The story has another side not yet articulated. Prior to the flood, God had no sense of remorse. God is strictly a dominating and controlling persona prone to dramatic gestures and an absolute belief that if He says something, just because he says it, it will come into being. Law is not judicial law. Law is not a process. Laws are merely the commandments of a ruler. Further, simple disobedience to those commandments is worthy of death. God is dominating and controlling and insists that law means order. It is only after the flood that a core constitution for all humanity appears when God has experienced and expressed remorse. Prior to the flood, God was simply and unequivocally an authoritarian persona, a bully with no tolerance for dissenters and particularly prone to denigrate women – which explains why Noah and his sons only were blessed. Prior to the flood, God recognized only blind obedience to His orders as expressions of faith and otherwise had only derision and scorn for humans.

Noah, on the other hand, is typical of the passive obedient individual. Noah is praised for his obedience and never challenges God’s decision to destroy humanity and all of nature. He is typical of one who only focuses on self survival of himself and his family and never risks challenging God’s decision. Noah simply wants to escape God’s wrath. Noah is typical of the unquestioning individual who believes whatever he is told and never questions what God means when he says that the world has gone to hell and that He needs to sweep the slate clean and start all over to once again make the world great again. Noah is the exemplification of the silent individual who accepts whatever the prevailing norms are. So Noah can be said in this sense to have abetted God’s heinous crime by going along with the inversion of morality wherein evil is pronounced as good. Noah so idolized God that he fails to see and name the heinous act God commits.

But all is not lost. God experiences remorse. Out of the deluge emerges a new norm, namely to live truth and think trust, think loyalty, think faith. Further, humans will soon learn, though very gradually, that God cannot be an excuse for passivity and indifference in the face of the victimization of others. After the flood, and only after the flood will humans begin to develop a critical self-consciousness.

DiCaprio begins his film with his personal memory of a copy of a triptych painting by Hieronymus Bosch that hung at the foot of his bed and that he went to sleep watching each night. The painting is called, “The Garden of Earthly Delights.” I marvelled at the original myself when we visited the Museo del Prado in Madrid fifteen or so years ago. In the left panel, the viewer sees an idyllic portrait of humans in the Garden of Eden with God when God introduces Eve to Adam to be his help meet.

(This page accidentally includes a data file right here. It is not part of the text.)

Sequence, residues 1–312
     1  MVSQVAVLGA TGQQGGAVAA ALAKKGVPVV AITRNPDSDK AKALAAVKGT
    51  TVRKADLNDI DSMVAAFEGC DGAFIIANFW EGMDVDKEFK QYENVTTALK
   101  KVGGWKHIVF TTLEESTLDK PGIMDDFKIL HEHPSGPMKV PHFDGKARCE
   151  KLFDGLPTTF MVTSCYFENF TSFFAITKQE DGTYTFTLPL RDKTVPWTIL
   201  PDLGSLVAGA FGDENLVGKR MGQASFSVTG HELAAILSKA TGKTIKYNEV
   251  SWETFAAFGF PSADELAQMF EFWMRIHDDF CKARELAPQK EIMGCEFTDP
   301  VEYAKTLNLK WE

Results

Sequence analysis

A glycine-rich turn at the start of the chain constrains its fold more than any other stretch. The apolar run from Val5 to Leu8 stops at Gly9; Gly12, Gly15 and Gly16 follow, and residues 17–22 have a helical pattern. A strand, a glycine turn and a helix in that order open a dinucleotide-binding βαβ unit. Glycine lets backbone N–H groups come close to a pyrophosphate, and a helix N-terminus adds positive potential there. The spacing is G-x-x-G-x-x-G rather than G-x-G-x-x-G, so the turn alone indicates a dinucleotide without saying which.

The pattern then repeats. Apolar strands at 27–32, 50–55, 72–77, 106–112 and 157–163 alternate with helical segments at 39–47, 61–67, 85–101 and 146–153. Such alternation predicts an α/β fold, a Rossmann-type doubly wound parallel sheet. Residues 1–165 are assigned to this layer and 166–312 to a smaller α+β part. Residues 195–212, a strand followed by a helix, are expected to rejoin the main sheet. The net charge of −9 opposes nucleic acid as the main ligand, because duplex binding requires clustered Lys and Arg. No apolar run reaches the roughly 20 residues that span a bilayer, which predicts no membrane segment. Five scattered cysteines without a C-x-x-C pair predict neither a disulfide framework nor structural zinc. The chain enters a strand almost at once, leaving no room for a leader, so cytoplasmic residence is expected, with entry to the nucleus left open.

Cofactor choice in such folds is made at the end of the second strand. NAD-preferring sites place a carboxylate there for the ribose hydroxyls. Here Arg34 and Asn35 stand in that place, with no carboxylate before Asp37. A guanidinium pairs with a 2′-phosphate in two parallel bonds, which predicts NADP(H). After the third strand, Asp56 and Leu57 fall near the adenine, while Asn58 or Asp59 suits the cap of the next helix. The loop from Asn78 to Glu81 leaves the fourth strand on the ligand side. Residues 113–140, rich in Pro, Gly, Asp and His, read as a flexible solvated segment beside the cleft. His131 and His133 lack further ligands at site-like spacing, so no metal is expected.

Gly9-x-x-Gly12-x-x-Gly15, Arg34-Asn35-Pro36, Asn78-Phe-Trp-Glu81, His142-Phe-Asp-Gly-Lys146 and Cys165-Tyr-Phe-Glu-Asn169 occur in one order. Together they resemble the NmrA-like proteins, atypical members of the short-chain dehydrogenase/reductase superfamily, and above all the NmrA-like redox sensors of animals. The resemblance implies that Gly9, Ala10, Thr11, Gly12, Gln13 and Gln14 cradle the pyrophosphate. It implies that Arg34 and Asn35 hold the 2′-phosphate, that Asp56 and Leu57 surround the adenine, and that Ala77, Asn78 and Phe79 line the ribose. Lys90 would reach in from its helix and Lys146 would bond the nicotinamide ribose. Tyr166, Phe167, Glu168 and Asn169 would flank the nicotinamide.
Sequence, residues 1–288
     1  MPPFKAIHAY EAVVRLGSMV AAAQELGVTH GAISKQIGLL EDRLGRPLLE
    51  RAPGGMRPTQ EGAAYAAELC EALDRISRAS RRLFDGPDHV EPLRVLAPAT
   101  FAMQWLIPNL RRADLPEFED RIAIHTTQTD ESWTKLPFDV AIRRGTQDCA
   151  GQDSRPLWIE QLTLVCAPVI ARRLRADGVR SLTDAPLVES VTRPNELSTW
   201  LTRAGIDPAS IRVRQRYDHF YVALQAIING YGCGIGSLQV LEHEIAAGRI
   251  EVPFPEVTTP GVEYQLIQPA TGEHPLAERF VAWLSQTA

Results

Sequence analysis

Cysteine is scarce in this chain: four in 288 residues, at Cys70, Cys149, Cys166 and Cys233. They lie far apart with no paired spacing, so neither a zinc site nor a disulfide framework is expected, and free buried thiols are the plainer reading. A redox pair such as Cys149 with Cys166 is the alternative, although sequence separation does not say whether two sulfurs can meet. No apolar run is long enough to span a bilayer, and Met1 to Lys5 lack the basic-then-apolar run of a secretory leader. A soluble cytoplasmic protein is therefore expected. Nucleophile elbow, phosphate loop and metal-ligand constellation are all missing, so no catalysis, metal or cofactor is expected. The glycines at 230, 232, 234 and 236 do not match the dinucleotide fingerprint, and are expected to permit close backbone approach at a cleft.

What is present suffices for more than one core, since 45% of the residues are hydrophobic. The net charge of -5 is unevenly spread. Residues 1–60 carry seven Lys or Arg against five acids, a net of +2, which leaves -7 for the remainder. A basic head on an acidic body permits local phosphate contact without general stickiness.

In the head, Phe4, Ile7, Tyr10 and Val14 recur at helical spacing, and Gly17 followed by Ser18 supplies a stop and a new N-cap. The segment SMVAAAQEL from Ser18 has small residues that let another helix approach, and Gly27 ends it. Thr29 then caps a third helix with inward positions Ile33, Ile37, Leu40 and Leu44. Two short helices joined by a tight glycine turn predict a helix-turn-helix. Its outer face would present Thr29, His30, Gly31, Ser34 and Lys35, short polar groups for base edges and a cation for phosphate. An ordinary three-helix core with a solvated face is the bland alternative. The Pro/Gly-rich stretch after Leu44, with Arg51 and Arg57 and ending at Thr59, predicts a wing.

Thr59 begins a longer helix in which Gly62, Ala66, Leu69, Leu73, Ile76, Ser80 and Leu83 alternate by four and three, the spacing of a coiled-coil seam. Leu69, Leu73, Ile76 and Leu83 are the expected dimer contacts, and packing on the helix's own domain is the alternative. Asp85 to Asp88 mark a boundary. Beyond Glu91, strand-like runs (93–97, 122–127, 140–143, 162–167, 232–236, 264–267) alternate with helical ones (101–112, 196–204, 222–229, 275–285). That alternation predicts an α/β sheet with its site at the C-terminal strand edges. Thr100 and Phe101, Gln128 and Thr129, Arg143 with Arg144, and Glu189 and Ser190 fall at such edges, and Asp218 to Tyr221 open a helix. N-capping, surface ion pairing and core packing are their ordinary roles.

In the middle there is a large panel of nude humans and phantasmagoric flora and fauna. If I recall correctly, in the documentary DiCaprio saw this panel as representing an overcrowded world whereas I saw it as a different version of Eden in which humans are engaged in various amorous activities, as if the novelty of sex had just been discovered. There is no indication of disgust or shame. All the figures seem at one with nature and it is as if we are merely watching a different phase of the Garden of Eden if humans had not hidden in shame and lied to God, but instead displayed their delight in their nature. It was much more a picture of a delight in the erotic than a portrait of a world that had become corrupt.

The third panel to the right is dark and clearly portrays a bleak world of corruption, but I was never able to understand how Bosch understood how humanity moved from the second to the third panel. Except I did understand that this was not a painting of purgatory, but of contemporary life of corruption when modernity was first making itself presence in the cradle of the transformation of Europe, the Netherlands. Was Bosch prescient about the projection of that genesis into the contemporary world? DiCaprio clearly saw the painting as an allegory of what will happen to the world if we do not get rid of corruption. Although I totally agreed with him about the dangers of climate change, I suspect we differ radically on the metaphysical premises against which the failure to deal with climate change can be read.

But it is an excellent documentary to watch while studying Parashat Noah.

With the help of Alex Zisman